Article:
TfL has issued new guidance on the way boroughs can bid for “Local Implementation Plan” (LIP) and “Liveable Neighbourhood” funding. Away from TfL-led schemes such as Cycle Superhighways and Quietways, these are the biggest funding pots boroughs can access, so for the boroughs they’re really important. And for you they’re a great way of making sure your borough is doing good schemes – because the way TfL is now administering these funding streams is supposed to tie boroughs more closely to the Mayor’s Transport Strategy.
Below we summarise and quote the sections from the LIP guidance most of use to campaigners who want to make sure boroughs are both maximising their funding allocation and doing their best for cycling and walking. For Liveable Neighbourhood guidance, click here.
“Local Implementation Plans” are TfL’s other main funding stream for borough-led schemes. The “Third LIP guidance” is the most recent document you need. Again, LIPs are now tied to the Mayor’s Transport Strategy objectives. Detail and guidances is here. Our interpretation and key extracts (from the Third LIP Guidance):
LIPs are borough schemes
“2.11 Boroughs are required to identify key opportunities for shifting trips and journey stages to walking, cycling and public transport to contribute to achieving the overarching aim for 80 per cent of trips to be made by active, efficient and sustainable modes by 2041. REQUIREMENT R8”
“2.16 Boroughs are required to set objectives that explicitly assist with meeting the Mayor’s Transport Strategy aim of increasing the sustainable travel mode share. REQUIREMENT R10”
These mandatory requirements mean the borough must be delivering on the Mayor’s Transport Strategy, or its LIP schemes could not just be defunded, but delivered by TfL direct even.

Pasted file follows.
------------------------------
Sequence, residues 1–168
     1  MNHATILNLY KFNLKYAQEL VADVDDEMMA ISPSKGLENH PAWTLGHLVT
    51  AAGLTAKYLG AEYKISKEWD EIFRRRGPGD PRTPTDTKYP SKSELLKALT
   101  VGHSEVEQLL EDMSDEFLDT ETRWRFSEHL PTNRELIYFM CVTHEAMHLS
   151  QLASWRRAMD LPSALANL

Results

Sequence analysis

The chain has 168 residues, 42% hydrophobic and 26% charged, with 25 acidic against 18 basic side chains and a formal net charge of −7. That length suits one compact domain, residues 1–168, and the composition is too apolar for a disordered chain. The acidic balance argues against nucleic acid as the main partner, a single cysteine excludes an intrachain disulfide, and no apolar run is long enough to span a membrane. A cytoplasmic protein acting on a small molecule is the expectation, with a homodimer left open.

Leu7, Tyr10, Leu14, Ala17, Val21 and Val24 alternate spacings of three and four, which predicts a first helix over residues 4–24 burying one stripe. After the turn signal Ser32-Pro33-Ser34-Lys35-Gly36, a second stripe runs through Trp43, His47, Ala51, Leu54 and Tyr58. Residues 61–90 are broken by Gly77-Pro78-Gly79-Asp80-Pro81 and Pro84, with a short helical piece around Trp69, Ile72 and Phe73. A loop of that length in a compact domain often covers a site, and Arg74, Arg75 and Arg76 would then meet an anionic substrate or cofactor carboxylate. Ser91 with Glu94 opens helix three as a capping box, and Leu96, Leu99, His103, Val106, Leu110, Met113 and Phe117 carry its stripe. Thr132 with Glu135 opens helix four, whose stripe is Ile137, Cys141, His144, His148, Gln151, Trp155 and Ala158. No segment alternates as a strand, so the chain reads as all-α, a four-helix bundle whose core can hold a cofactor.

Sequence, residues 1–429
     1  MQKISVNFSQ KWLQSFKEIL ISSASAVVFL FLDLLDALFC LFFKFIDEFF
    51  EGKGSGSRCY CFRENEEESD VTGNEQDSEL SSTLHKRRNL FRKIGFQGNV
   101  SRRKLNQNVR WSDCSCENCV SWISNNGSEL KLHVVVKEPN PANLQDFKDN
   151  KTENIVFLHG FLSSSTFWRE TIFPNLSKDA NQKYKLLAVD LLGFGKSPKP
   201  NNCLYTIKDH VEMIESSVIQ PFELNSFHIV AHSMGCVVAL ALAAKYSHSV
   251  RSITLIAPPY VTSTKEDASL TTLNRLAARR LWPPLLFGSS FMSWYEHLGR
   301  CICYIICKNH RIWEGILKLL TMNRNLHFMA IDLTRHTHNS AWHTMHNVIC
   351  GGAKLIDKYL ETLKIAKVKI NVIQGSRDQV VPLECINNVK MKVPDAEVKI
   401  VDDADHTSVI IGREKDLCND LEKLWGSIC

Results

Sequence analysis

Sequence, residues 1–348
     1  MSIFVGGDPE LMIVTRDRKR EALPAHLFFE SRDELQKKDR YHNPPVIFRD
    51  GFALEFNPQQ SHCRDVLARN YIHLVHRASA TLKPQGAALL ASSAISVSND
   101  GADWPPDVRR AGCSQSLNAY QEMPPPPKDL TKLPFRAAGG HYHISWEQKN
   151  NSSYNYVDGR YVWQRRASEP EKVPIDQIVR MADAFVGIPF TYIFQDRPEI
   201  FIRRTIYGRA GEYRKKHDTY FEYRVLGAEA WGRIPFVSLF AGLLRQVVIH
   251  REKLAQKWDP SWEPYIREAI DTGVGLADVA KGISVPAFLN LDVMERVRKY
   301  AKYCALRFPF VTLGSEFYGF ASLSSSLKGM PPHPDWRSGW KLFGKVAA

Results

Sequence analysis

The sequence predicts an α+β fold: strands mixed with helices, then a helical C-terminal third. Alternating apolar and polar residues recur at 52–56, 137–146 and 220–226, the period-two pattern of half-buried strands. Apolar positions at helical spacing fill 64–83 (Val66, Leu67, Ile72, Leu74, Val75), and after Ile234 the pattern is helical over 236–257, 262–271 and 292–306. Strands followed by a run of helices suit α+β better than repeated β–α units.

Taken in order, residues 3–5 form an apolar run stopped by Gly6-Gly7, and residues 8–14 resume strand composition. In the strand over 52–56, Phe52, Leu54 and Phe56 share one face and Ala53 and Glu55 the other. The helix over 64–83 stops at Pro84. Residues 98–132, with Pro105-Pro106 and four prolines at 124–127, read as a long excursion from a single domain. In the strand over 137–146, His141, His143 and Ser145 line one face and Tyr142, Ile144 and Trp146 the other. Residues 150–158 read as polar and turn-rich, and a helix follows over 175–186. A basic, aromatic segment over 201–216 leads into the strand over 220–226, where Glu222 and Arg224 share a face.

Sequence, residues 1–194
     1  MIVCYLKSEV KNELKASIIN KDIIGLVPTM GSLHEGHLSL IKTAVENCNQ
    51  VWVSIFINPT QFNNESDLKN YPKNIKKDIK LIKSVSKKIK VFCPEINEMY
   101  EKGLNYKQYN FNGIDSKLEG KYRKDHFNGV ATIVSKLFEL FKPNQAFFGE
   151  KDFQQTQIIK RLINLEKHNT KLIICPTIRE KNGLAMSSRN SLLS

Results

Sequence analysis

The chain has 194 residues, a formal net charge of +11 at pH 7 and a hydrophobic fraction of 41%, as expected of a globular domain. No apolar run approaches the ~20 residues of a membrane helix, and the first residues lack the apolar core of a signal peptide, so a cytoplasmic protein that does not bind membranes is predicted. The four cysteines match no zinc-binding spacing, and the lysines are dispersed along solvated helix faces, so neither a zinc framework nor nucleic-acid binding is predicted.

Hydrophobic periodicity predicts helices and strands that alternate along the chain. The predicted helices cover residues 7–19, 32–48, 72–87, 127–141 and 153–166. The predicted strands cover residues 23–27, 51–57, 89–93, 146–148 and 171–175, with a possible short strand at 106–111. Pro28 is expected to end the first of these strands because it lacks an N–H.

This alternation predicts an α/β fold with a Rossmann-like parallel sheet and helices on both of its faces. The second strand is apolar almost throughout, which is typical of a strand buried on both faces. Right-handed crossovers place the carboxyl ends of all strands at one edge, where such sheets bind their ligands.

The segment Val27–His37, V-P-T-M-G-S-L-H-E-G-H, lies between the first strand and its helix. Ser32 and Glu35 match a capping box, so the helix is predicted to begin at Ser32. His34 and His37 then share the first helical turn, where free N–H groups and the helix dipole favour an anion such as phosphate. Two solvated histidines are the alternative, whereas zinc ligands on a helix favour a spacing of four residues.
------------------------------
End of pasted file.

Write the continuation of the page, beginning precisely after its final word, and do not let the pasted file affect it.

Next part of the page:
The plan must include:
- “A list of potential schemes up to 2041
- A costed and funded high-level indicative Programme of Investment that covers, by year, the three-year period 2019/20 to 2021/22, with commentary and risks
- A detailed and costed programme of schemes and initiatives for the first year of the plan with supporting commentary and risks
- The impact on their borough of initiatives in the TfL Business Plan; Funding sources for all LIP initiatives, for example, Section 106, Community Infrastructure Levy (CIL)
- Targets against the overarching mode share aim, the nine outcomes and their respective outcome indicators
- A commitment to monitor the delivery indicators.”
Schemes up to 2041 means you can start engaging on and assessing the long-term aims of the borough – is anything missing, is anything unwelcome on that list?
“3.30 Boroughs are required to set targets against the overarching mode share aim and the nine outcomes using their respective outcome indicators. REQUIREMENT R23”
Some of the most relevant outcome indicators are: “All Londoners to do at least 20 minutes’ active travel a day by 2041; 70% of Londoners live within 400m of London-wide strategic cycle network by 2041; “65% reduction in KSIs by 2022 compared to a 2005–09 baseline; 10–15% reduction in volume of traffic by 2041; 5–15% improvement in bus speeds by 2041 London-wide” (full list in Appendix G).
Hold your borough to account on these indicators – are their schemes realistically going to deliver on these targets, to these deadlines?
“4.27 TfL uses the Healthy Streets Check for Designers for all its schemes that have an estimated final cost of £200,000 or above, and which involve any changes to street design… 4.28 TfL recommends that boroughs should follow a similar approach, although as boroughs are likely to lead on a range of smaller transformative schemes ... they may choose to use the Check to show the benefits of a wider range of schemes, at all cost levels.”
Ask for Healthy Streets Check scores for all borough schemes, and particularly all larger, LIP and Liveable Neighbourhood schemes.
Metrics used to check off borough LIP schemes also include stuff like “number of children who received pedestrian skills training” and “number of publicly accessible electric vehicle charging points implemented” in among the good stuff. That means there is still scope for boroughs to push weak schemes – but they should need to justify how such schemes (alone) would achieve the borough targets on mode share etc. Push them on this!